“I think what that will do is act as a catalyst to build an innovation cluster,” he said. “As more companies get funded there, other investors will join Gritstone in co-investment, and then more companies will come in and the thing will snowball.”
Bo Ilsoe, managing partner of NGP Capital, agreed that a certain critical mass is needed “to get the flywheel of an ecosystem running”, but that innovation clusters are easier to build around capital cities because, historically, that is where most of the universities and capital have been concentrated.
In the case of London, because it was already a global financial centre, many tech businesses were, and are, attracted to it because it has a wide range of capital available, and “a depth of capital markets” that simply does not exist in other European cities, said Ilsoe.
However, he added that most of the companies his organisation invests in – which it tends to only do post-Series A – have already received funding through either angel investors or people with access to capital through their personal networks.
In November 2020, an analysis of UK VC investment by Extend Ventures showed that, between 2009 and 2019, three-quarters of all VC investment went to all-white founding teams. By contrast, 23% went to startups with multi-racial founders, and only 0.24% went to all-black founding teams.
Similarly, in May 2021, tech recruitment firm Spinks found that just 15% of tech startups had more than half of the top roles held by women, while 5% had female-only leadership.
Ilsoe said: “If you’re not out of privilege, how do you come across potential investors? You have to pound the pavement and press the flesh.” He pointed out that clusters can support founders from marginalised or less privileged backgrounds because there is a much higher density of people willing to support their fledgling tech businesses.
For Williamson, the key to achieving greater diversity across the board – including race, gender and social class – comes back to the UK’s education system.
“If everybody on the leadership team of the company went to a certain type of school, a certain type of university, come from a certain type of socio-economic background, then their perspective on what kind of products and services that companies should be delivering will be pretty narrow,” he said.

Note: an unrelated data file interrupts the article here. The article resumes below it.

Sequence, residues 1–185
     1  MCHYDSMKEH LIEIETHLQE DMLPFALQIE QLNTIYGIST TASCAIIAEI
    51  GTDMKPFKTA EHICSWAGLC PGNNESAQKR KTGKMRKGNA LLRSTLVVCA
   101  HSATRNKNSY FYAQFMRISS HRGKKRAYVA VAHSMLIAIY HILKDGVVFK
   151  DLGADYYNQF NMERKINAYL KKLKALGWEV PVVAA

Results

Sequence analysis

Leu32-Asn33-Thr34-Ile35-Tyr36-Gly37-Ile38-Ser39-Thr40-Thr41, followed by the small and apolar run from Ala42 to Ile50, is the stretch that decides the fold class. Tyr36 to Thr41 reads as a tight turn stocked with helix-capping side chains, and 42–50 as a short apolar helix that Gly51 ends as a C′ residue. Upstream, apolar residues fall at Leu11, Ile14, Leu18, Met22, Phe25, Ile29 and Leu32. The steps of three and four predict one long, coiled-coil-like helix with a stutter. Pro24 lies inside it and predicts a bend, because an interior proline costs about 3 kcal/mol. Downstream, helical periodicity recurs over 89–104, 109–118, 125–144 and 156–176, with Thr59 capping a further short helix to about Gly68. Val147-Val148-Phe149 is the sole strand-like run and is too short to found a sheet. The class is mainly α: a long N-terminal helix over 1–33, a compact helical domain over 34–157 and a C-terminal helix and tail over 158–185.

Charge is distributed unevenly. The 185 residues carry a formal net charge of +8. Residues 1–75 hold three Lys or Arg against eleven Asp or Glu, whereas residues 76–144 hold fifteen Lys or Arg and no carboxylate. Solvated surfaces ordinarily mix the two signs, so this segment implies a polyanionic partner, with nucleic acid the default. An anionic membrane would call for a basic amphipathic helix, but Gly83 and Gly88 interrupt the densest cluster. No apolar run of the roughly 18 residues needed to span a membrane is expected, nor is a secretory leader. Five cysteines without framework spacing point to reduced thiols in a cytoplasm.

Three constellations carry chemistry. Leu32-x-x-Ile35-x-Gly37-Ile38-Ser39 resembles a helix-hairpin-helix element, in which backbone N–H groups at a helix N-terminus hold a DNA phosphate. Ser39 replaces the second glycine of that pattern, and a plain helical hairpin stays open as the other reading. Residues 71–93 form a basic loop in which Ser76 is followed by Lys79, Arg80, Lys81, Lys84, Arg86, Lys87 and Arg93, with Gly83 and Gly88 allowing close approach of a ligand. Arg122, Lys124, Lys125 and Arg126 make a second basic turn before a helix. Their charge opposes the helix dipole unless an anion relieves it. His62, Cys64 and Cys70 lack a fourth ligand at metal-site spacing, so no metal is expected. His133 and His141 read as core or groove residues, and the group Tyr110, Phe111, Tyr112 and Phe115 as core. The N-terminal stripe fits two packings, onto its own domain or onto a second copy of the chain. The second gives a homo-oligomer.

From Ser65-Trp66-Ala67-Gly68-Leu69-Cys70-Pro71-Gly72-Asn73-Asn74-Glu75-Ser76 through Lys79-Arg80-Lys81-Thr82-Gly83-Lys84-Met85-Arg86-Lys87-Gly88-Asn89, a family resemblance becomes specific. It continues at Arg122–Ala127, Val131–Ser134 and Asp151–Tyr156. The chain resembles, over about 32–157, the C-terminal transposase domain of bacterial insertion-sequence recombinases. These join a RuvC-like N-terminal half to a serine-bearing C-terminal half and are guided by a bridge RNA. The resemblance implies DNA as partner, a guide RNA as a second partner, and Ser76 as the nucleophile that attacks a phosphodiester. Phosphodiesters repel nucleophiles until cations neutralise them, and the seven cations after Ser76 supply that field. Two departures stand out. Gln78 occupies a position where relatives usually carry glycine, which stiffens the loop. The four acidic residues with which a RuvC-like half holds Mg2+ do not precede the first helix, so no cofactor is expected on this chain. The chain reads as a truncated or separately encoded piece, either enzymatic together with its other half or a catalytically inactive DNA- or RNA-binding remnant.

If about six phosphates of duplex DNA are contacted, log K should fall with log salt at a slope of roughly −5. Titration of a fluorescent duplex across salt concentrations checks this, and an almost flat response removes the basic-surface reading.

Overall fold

“You need that diversity of thought and experience – but there you’re getting into fundamental questions of the education system. I think it goes all the way back to giving high-potential students access to the very best education.”
Opening pension funds
While Ilsoe also believes that successive UK governments have been at the forefront of creating strong incentives to invest in tech businesses, especially compared with other European governments, he said the next step would be opening pension funds to further boost tech investments across the UK.
“If you look at fund managers who know what they’re doing, most of them make profits. So the risk of loss is, I think, very, very low,” he said. “These companies can crash and burn, that’s true, but many of them don’t, and many of them actually become very successful.”
This view was shared by Williamson, who said that defined contribution pensions, which have billions of dollars of assets under management, are prevented from investing in VC or private equity by a series of rules put in place by the Department for Work and Pensions.
“The effect of that is, compared to our peers in Europe, and massively compared to our peers in North America, there is much less pension fund capital being invested,” he said. “That’s a significant amount of particularly growth capital that could be available to British businesses to help them scale.”
However, Williamson added that it was up to the tech industry to conduct a “hearts-and-minds campaign” to convince people that using pension funds is a good idea, which it should do by showcasing the best examples of growing businesses and the returns that can be achieved.